Photograph by Tomasz Sienicki

What do I do about it?

I don’t know. Keep breathing. Keep moving. Do.

Or maybe I need to not do anything. Maybe I give myself over to the feeling of loss, all over again. Sit in my porch swing and stare, again. Cry randomly, again. Pray more than normal, again. Muster up energy to respond to texts and emails, again. Sleep way too much, again. Stand around aimlessly and unproductive, again.

I’m guessing this sensation will go away eventually. I’m expecting that writing about it, out loud, here, might help.

It might come back again, too. I think grief does these looping things. It’s not a linear, stage by stage processing of the loss, but a kind of wandering path of varying emotions or lack of them. Occasionally the paths cross, I wander on to a different one without even realizing I’ve changed direction.

Don’t get me wrong.

I don’t feel hopeless.

That isn’t it at all. I just feel lost. Lost. Lost. Lost. Or empty. Very empty. Very very empty. As if I’ve been poured out on the sand and absorbed.

Wow. That sounds horrible. It isn’t as bad as it sounds, but then it isn’t really great either.

I’m fine. Really.

It’s just…grief.

This thing:

Grief is a multifaceted response to loss, particularly to the loss of someone or something to which a bond was formed. Although conventionally focused on the emotional response to loss, it also has physical, cognitive, behavioral, social, spiritual, and philosophical dimensions.” ~Wikipedia

Sounds complicated.

Multifaceted response?

Dimensions?

Ten dollar words to describe and define sadness, sorrow, emptiness, hurt, and the left-behind perspective.

It’s today’s normal for me. And apparently yesterday and the day before. Maybe tomorrow and the next. We’ll see. Like a lifeboat on the ocean I’ll just drift about and see where the current takes me.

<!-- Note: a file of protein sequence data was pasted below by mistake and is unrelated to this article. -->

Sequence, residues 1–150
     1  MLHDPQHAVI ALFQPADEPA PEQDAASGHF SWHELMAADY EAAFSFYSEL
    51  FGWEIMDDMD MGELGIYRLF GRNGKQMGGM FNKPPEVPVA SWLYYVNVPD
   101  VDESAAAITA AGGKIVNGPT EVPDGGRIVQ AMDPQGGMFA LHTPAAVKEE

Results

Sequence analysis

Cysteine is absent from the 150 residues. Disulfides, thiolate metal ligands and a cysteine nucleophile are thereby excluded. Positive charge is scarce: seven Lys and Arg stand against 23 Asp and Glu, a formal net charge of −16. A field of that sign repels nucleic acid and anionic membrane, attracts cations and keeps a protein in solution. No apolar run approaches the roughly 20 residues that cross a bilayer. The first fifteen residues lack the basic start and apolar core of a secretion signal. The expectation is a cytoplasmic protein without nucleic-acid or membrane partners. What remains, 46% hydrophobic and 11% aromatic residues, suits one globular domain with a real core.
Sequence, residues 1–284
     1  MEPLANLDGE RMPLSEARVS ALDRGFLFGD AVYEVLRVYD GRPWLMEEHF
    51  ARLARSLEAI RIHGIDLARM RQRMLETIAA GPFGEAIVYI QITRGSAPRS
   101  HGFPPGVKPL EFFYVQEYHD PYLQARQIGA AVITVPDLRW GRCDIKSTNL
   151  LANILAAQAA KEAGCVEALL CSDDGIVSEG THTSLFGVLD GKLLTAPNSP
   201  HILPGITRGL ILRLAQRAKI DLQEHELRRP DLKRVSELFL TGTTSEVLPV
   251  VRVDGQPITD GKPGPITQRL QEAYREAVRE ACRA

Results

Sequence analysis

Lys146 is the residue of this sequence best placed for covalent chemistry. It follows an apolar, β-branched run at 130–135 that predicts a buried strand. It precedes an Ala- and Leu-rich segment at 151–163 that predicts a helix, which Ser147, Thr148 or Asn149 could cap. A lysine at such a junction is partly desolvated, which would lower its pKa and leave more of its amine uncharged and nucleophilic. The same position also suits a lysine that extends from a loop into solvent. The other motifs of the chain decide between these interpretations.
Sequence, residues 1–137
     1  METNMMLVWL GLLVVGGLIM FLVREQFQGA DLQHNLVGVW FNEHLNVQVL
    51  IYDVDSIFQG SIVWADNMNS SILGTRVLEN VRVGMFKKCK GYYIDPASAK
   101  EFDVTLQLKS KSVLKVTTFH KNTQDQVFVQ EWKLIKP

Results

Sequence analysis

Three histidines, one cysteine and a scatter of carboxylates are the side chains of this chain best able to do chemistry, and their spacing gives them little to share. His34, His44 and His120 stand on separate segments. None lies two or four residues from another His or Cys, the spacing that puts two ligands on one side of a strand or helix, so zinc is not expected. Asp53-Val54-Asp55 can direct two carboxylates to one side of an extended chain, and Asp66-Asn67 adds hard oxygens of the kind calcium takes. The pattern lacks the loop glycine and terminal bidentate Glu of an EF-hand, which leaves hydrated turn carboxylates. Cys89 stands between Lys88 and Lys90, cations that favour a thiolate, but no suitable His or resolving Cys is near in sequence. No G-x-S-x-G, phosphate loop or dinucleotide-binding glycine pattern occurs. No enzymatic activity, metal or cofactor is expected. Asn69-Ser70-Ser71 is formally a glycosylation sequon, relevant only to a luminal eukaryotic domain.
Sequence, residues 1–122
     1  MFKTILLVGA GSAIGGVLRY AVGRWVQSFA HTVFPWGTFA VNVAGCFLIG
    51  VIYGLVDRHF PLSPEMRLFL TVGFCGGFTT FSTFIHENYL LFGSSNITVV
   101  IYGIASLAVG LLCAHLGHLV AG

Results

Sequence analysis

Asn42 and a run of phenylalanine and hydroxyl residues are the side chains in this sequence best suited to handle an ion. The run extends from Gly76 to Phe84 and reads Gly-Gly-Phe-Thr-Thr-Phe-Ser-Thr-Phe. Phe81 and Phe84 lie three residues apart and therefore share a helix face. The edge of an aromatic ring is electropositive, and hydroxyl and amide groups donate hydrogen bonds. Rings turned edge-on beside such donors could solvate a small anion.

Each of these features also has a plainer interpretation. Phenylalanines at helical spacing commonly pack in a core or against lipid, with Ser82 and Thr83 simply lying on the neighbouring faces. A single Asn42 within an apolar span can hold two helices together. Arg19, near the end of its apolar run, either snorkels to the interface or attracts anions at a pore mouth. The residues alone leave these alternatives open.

In the meantime, I’ll do my best imitation of a normal person when I’m in public.

There’s this last thought, which I like because it feels hopeful, and it acknowledges that there’s a process in play that I can give myself over to.

“Not knowing when the dawn will come I open every door.” ~ Emily Dickinson

photo by Klaus D. Peter, Wiehl, Germany

photo by Klaus D. Peter, Wiehl, Germany

Categories: Death | Tags: , , , , , , | 6 Comments

What I Miss About You

photo by Richard Croft [CC-BY-SA-2.0 (http://creativecommons.org/licenses/by-sa/2.0)], via Wikimedia Commons

photo by Richard Croft

Dear Kathy,

So apparently there’s no texting allowed in heaven or I’d have heard from you by now. Dang it.

I figured maybe, just maybe, you’d get a split second or two to do some reading, since you love to read. So I thought if I wrote out some thoughts I’d had lately, you’d get the message somehow. Call me naïve, or silly or weird, I don’t care.

Also, you’ve been on my mind more than ever, imagine that. I find myself thinking of things I need to tell you about, and then remember you aren’t close by to just drop in and have a chat with. So I’ve been kind of keeping a mental list of things to talk with you about. Maybe you won’t mind if I drop you a letter once in a while to sort of make sure I’m staying connected with you somehow.

For my first letter to you I’ve come up with a list.

It’s a list of just some of the things I’ve missed about you since you left almost a month ago:

  • How insistent you are about being on time, and others being on time, too. Like a contract, you always say.